Last edited by jsa23; 08-27-2011, 05:04 AM.

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              • #8
                Originally posted by jsa23 View Post
                not exactly how it works - there's no separate glycogen storage area for fast/slow twitch.
                lol! it's stored right within the muscle cell for local needs and cannot be released into the bloodstream.
                Last edited by pyro13g; 08-28-2011, 05:24 AM.

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                • #9
                  Once your glycogen stores run out, your body cannot efficiently turn fat into energy while in an aerobic state. As fat cannot be directly converted into glucose, your body breaks down amino acids for energy. That means you burn lean muscle mass when you do aerobics. In a typical aerobics session, you burn more lean muscle mass than you burn fat.

                  On the other hand, sprinting is lactic acid threshold. It's like lifting weights. You secrete lots of HGH, too. You not only preserve muscle, but you may build it as well. Sprinting is anabolic. Running is catabolic. Sprinting makes you strong and lean. Running makes you weak and soft.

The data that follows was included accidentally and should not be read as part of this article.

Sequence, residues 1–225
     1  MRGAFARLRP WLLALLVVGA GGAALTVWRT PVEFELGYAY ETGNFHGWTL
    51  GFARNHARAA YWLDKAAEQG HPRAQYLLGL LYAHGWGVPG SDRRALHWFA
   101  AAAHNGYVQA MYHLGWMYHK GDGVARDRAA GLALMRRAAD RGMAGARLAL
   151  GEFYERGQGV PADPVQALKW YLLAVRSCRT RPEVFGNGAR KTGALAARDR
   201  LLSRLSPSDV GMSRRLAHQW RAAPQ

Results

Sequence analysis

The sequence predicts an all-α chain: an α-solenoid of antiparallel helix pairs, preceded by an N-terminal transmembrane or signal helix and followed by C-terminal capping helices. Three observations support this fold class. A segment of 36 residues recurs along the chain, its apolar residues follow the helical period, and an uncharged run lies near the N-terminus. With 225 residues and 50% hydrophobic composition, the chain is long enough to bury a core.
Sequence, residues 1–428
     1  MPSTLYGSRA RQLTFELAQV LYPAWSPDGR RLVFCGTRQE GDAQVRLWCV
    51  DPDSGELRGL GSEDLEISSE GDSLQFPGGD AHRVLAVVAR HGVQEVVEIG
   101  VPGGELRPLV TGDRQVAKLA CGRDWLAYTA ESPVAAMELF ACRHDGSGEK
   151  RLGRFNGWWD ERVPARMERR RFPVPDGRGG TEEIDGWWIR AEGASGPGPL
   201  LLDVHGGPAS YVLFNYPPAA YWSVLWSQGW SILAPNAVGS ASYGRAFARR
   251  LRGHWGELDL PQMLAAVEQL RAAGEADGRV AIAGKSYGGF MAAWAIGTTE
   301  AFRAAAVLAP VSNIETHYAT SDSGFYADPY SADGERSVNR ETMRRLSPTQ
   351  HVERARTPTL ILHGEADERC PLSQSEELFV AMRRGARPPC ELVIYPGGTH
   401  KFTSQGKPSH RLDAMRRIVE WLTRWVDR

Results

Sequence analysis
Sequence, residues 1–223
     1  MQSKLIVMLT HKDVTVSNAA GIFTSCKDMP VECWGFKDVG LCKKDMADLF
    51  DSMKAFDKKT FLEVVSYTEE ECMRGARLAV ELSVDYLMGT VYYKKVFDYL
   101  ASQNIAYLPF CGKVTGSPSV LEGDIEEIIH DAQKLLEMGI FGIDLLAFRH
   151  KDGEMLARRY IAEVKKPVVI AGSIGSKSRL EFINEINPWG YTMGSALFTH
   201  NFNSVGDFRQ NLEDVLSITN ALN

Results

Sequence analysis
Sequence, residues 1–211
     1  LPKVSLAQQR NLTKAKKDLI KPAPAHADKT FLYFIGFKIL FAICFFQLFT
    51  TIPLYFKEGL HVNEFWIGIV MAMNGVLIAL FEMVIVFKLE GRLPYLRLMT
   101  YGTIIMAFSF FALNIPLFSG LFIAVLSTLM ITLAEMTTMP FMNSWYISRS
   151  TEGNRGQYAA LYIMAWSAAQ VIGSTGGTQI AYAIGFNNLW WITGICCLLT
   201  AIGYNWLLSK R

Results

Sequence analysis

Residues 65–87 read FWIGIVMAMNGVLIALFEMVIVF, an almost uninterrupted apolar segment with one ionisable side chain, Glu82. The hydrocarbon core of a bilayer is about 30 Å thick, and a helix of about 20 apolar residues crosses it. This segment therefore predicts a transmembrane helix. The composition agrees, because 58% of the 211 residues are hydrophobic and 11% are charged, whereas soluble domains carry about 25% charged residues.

No animal on Earth does aerobics. They either travel slowly for large distances or sprint as hard as they can in short bursts to catch prey/run from predators. We're not made to do it. It's unnatural AND it's bad for your heart. Could you imagine the muscle damage you'd create if you held a barbell with 200 pounds on it above your chest for 30 minutes? Would you try and get strong that way? You'd create all kinds of injuries and see nothing positive. Well, your heart is a muscle just like your chest muscles. You make it stronger by heavy repetitions - bring your heart rate up very high for a short duration, bring it down for a short duration, repeat, just like lifting weights. That's what sprints do. When you hold your heart at a high rate for a long period like you would doing aerobic cardio, you're hurting yourself. Your heart wasn't designed for that kind of stress.
                  Last edited by ChocoTaco369; 08-28-2011, 05:46 AM.
                  Don't put your trust in anyone on this forum, including me. You are the key to your own success.

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                  • #10
                    Originally posted by jsa23 View Post
                    Distance running tends to be a hybrid of glucose/glycogen and fat burning: the body will actually utilize both pathways to meet energy needs, depending on intensity and duration, with fat being the dominant fuel at lower intensities and glucose/glycogen burning supplementing it at higher intensities. But when the body can't tap enough glucose/glycogen, it will supplement that with some protein burning - which is where muscle breakdown can occur. Typically this occurs with longer efforts. I know if I go 45+ minutes with enough intensity I can smell a bit of ammonia on my breath - which is an indication of protein burning.